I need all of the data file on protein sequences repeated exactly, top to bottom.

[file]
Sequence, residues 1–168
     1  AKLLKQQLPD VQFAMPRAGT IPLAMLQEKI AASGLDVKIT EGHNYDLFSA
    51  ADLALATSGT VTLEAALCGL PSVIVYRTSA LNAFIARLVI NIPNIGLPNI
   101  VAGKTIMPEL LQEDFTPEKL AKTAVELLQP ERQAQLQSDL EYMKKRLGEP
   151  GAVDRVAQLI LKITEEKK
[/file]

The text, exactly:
Sequence, residues 1–168
     1  AKLLKQQLPD VQFAMPRAGT IPLAMLQEKI AASGLDVKIT EGHNYDLFSA
    51  ADLALATSGT VTLEAALCGL PSVIVYRTSA LNAFIARLVI NIPNIGLPNI
   101  VAGKTIMPEL LQEDFTPEKL AKTAVELLQP ERQAQLQSDL EYMKKRLGEP
   151  GAVDRVAQLI LKITEEKK